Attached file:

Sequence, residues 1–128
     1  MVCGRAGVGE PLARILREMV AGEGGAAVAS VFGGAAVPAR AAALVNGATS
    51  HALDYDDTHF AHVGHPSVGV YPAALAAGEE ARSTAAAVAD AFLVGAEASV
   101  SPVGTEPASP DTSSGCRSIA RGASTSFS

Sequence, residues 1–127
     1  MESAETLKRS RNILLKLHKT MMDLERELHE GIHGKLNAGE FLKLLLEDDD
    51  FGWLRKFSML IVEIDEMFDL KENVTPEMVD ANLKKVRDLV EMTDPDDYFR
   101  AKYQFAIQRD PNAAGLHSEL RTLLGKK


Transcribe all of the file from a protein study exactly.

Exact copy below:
Sequence, residues 1–128
     1  MVCGRAGVGE PLARILREMV AGEGGAAVAS VFGGAAVPAR AAALVNGATS
    51  HALDYDDTHF AHVGHPSVGV YPAALAAGEE ARSTAAAVAD AFLVGAEASV
   101  SPVGTEPASP DTSSGCRSIA RGASTSFS

Sequence, residues 1–127
     1  MESAETLKRS RNILLKLHKT MMDLERELHE GIHGKLNAGE FLKLLLEDDD
    51  FGWLRKFSML IVEIDEMFDL KENVTPEMVD ANLKKVRDLV EMTDPDDYFR
   101  AKYQFAIQRD PNAAGLHSEL RTLLGKK